The week of anticipation passed slowly. After the first shock was over, after the first sense of imposition had passed away, and he found himself with a week for consideration, he became more decided than ever on his course of action. Mentally, he began many letters to his brother, usually beginning, "I regret exceedingly," from which beginning he launched out into well balanced, well phrased excuses, of admirable logic, by means of which he proved the imperative necessity of finding other anchorage for this stray and apparently very frail bark. Of necessity these letters were vague, since he did not know what particular form of frailty he had to contend with. Of one thing, however, he was sure—the Colony offered opportunities for the indulgence of every form known to man, with none of those nice restrictions which are thrown round such opportunities in more civilized parts of the globe. He would explain all this at length, as soon as he knew upon which points to concentrate his argument. But, take it by and large, there were no safeguards of any sort, and only the strongest and most upright could walk uprightly amidst such perils.
The coming of the next liner was awaited with much anxiety. The Bishop had gone so far as to confide to a few friends that a young nephew would arrive with her, for a week's stay—on his way elsewhere. He remembered the boy, his namesake. Rather a handsome little chap as he recalled him—perhaps under more auspicious circumstances it might have been a pleasure to have had a visit from him. But this suddenly becoming endowed with him for weeks or months—it might be years, perhaps—quite another matter.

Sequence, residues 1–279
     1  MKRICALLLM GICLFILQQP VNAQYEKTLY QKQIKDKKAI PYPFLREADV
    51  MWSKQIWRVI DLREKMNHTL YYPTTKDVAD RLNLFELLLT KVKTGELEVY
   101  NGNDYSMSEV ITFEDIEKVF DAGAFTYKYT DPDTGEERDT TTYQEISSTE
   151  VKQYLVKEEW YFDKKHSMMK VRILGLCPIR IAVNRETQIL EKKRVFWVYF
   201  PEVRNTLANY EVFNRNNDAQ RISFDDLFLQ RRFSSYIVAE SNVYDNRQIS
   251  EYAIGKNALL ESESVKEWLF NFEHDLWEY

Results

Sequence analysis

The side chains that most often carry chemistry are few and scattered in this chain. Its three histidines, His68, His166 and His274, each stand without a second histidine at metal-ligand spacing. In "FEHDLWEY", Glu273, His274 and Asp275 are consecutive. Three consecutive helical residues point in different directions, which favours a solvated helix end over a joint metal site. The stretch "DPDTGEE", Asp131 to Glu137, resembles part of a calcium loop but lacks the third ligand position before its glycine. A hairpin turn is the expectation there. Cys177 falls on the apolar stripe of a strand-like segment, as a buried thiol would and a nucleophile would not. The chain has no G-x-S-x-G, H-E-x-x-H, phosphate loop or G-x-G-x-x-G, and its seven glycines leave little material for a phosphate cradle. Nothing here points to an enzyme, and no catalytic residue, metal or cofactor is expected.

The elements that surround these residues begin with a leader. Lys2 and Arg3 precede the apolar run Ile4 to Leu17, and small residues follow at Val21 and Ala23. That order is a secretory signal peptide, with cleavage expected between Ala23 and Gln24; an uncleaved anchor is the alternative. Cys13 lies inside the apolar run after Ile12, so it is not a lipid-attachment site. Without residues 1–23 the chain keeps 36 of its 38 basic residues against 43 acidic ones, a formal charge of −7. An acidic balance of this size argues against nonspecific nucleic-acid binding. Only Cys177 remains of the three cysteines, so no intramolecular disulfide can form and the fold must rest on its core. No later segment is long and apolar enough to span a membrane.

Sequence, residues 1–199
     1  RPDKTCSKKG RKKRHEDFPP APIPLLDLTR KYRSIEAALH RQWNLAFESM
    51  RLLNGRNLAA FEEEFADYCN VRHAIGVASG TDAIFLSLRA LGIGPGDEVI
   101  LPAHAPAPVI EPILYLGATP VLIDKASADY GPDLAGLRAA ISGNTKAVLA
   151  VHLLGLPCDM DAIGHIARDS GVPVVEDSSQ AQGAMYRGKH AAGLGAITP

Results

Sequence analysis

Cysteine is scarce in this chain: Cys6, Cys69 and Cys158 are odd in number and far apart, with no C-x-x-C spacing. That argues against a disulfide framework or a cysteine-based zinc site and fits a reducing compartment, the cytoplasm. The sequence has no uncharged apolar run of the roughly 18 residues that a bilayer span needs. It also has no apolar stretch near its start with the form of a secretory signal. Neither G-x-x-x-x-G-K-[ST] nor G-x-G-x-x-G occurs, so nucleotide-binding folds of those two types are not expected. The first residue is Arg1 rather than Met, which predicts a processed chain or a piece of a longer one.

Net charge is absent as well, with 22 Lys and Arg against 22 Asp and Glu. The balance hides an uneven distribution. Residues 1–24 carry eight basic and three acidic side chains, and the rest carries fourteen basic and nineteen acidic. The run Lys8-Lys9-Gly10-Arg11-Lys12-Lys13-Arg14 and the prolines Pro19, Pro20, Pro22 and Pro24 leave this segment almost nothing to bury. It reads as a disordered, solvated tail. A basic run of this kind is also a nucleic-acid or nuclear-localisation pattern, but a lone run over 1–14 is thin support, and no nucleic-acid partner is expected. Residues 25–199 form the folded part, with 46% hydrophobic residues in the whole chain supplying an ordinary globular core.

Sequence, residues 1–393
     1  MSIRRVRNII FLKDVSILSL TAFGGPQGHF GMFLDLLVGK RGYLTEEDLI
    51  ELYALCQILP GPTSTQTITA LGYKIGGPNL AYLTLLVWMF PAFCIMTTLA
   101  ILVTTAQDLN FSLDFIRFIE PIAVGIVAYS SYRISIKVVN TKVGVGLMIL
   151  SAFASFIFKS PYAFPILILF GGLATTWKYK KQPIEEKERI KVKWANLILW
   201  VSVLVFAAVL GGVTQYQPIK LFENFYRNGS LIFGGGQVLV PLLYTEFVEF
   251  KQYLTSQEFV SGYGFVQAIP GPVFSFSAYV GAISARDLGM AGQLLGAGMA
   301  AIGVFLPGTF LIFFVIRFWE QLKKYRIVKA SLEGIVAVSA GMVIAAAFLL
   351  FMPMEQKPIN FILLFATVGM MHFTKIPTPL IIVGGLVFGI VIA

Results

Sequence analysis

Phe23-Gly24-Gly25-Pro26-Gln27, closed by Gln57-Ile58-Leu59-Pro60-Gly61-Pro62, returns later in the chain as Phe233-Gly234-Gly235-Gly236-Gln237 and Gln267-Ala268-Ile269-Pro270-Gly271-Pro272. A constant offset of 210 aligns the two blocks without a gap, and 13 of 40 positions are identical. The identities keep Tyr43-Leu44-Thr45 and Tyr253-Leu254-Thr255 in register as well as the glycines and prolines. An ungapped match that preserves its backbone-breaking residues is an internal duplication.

When the mailboat arrived one afternoon, the Bishop's rickshaw stood at the jetty, while the Bishop himself, in his immaculate gaiters, with his sash blowing in the soft wind, stood at the end of the jetty anxiously regarding the tender making its way inshore. She was crowded with a miscellaneous throng of passengers, among whom were many young men, all strange, new, expectant young men coming out for the first time, but among them he saw no face that resembled the one he was searching for. Which might possibly be, he reflected, since the face, as he recalled it at the time of their last meeting many years ago, was very childish and immature. The tender made fast to the steps, and amidst much luggage, much scrambling of coolies and general disorder, the passengers came off. The Bishop standing on the steps scrutinised each one carefully. Not there. Nor was there a second trip to the liner, since the tender had fetched ashore all who were to disembark at that port. The Bishop turned away with mingled feelings, part relief, part indignation. Another week of suspense to be gone through with, and after that, another week before he could release himself of his burden. It was all exceedingly trying and unreasonable—the feeling of irritation against his brother mounted higher—it was outrageous, keeping him upset this way.
Then a thought suddenly came into his mind. That name on the passenger list a week ago, the name slightly different yet curiously alike—could it have been altered slightly on purpose? Ashamed to face him, ashamed to come to him? Bundled off in disgrace from home, willy-nilly, and now here,—hiding?
A wave of sick apprehension came over the Bishop. Agonising fear. He must see Walker at once. Walker, his old friend, who would know what to do, what to advise. If only he were in town.